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Tuesday 2 September 2014

Former senator won't face probe over €146,000 expense claims

Anita Guidera and Fionnan Sheahan

Published 07/10/2010 | 05:00

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FORMER Fianna Fail senator Don Lydon will not face any inquiry over his expenses claims of nearly €150,000 after changing his home address from Dublin to Donegal.

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But the house which the now-retired senator claimed became his official residence in January 2004 now lies empty and derelict.

Mr Lydon's change of address from Dublin was somewhat similar in nature to that of Ivor Callely.

However, Mr Callely is currently appealing a 20-day suspension for deliberately misrepresenting his normal place of residence.

There is no complaint of any wrongdoing against Mr Lydon.

Mr Lydon, a sometime controversial figure, changed his address from Dublin to Donegal in 2004 and subsequently claimed €146,059 in travel and subsistence expenses, as he was able to claim a mileage rate.

But there is no provision for looking into the expenses claims of former members of the Oireachtas, so Mr Lydon will not face any queries.

Yesterday, Mr Lydon's Donegal home at Murray Lodge, Killybegs, lay empty and derelict, its front door boarded up, ivy growing over its windows, fallen roof slates on the ground and its garden overgrown.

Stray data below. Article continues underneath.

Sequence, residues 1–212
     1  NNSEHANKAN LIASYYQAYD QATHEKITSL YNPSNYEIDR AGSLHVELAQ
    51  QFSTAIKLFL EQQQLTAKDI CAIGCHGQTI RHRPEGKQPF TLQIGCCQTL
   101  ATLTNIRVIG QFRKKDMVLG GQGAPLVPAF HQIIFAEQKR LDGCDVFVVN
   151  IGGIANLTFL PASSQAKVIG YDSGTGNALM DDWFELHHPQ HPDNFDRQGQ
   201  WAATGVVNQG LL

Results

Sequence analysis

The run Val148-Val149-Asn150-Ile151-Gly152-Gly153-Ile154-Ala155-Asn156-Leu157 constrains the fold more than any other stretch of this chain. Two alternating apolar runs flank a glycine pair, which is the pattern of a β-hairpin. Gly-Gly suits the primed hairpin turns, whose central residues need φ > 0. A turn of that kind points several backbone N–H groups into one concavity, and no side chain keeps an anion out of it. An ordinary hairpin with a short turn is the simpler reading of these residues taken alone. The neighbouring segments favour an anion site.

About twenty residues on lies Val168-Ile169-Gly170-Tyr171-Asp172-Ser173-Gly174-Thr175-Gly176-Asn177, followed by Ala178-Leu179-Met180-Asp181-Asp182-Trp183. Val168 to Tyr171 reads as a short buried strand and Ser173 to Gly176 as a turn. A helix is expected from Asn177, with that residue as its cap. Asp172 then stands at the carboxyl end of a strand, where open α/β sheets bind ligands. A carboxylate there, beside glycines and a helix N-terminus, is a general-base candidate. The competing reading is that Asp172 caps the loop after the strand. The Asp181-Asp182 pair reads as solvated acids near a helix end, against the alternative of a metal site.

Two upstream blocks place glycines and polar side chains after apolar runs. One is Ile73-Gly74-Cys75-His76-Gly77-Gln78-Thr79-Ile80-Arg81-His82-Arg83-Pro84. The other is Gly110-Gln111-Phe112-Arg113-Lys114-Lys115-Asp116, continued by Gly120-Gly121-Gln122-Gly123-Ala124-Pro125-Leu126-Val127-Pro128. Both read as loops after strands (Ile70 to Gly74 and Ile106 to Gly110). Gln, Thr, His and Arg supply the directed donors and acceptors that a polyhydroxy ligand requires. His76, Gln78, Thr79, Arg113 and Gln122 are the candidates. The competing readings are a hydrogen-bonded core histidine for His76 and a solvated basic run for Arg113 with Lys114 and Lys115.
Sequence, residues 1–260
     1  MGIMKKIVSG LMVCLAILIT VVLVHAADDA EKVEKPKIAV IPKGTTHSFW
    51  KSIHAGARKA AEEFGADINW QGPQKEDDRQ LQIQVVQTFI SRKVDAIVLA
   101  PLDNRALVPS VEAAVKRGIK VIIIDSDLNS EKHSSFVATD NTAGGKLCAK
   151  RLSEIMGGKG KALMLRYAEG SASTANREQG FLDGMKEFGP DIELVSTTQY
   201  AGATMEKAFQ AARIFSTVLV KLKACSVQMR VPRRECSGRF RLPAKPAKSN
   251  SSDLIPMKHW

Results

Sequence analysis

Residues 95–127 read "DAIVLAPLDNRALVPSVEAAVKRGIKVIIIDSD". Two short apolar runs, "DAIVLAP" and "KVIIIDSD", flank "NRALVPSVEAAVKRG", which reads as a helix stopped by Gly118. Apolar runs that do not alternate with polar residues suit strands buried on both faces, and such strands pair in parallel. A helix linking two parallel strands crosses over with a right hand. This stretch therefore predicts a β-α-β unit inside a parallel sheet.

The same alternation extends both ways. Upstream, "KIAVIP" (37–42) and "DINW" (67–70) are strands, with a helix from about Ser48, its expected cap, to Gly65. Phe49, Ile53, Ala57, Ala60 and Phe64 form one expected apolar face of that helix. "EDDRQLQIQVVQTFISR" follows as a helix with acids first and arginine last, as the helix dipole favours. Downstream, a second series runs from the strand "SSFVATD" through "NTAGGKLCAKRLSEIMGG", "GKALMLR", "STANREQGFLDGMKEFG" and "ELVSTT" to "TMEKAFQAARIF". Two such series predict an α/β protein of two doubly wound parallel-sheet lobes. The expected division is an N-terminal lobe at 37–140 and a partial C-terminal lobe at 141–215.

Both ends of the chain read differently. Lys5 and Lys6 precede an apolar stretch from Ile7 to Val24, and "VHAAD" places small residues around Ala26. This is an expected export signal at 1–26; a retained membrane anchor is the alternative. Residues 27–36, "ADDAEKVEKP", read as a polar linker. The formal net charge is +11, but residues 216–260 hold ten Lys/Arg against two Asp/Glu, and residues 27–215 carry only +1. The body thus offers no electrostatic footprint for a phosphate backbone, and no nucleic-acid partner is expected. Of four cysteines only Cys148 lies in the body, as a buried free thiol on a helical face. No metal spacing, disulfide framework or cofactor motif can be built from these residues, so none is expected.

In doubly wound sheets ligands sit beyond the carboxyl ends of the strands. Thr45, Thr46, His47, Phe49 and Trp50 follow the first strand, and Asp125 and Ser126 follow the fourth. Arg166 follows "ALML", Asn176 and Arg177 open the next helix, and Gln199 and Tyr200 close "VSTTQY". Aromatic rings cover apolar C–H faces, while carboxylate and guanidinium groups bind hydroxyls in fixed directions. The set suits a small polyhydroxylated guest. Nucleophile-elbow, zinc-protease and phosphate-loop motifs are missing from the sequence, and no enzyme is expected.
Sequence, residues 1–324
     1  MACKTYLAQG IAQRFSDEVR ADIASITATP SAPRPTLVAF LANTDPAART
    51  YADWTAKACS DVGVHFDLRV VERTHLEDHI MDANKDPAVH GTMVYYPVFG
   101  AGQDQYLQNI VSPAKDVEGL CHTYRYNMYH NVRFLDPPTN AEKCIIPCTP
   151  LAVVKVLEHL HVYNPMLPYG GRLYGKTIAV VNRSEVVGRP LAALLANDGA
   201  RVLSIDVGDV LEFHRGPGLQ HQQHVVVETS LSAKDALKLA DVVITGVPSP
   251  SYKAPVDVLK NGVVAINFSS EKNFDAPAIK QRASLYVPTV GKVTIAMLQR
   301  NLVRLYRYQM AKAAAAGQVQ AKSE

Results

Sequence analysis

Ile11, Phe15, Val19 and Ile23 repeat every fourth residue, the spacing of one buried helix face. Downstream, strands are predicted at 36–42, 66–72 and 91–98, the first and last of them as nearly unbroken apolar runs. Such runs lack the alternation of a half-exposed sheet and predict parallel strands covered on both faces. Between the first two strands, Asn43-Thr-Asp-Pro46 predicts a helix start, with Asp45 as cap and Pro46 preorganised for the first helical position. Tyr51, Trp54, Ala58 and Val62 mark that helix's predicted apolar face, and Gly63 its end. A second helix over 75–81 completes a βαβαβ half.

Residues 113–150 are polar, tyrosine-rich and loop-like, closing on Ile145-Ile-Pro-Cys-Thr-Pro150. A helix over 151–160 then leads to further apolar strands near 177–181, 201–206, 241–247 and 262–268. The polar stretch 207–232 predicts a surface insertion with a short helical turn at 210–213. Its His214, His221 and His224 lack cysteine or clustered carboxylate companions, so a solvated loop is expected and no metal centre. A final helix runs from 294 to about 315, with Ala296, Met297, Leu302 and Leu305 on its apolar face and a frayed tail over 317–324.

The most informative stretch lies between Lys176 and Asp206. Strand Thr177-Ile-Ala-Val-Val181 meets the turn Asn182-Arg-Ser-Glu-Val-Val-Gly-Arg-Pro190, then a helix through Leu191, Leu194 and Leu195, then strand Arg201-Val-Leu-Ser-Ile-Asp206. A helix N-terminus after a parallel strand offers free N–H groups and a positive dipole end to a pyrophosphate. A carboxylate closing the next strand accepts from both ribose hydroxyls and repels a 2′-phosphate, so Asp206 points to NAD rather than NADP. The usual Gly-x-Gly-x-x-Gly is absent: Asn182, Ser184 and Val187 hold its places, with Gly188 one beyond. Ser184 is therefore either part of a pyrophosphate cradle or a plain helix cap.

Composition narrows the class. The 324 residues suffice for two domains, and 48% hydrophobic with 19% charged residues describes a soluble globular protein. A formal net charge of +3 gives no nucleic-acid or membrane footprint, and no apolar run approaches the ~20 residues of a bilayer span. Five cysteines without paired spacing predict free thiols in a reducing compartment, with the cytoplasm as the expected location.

Residence

Mr Lydon, a senator for 20 years until 2007 and a councillor on Dublin County Council and Dun Laoghaire Rathdown Council informed the travel and expenses office of the Oireachtas in February 2004 that he had changed his place of residence from Stillorgan Park Avenue in Dublin 4 to Murray Lodge, Killybegs, Co Donegal.

The change of address enabled Mr Lydon to claim €146,059 in mileage and subsistence expenses for the following three and a half years until 2007.

An only child, he had been reared in Murray Lodge, a listed building dating back to 1860, which once housed the original primary school for the small fishing town.

The son of a garda, he was educated in St Eunan's college in Letterkenny and, later, at University College Galway, UCD and Trinity College and worked as a consultant psychologist at St John of God's Hospital in Stillorgan.

The 72-year-old retired senator also owns a holiday home with sea views at St John's Point, about 12km east of Killybegs, which he is believed to have purchased some time around 2004.

Irish Independent

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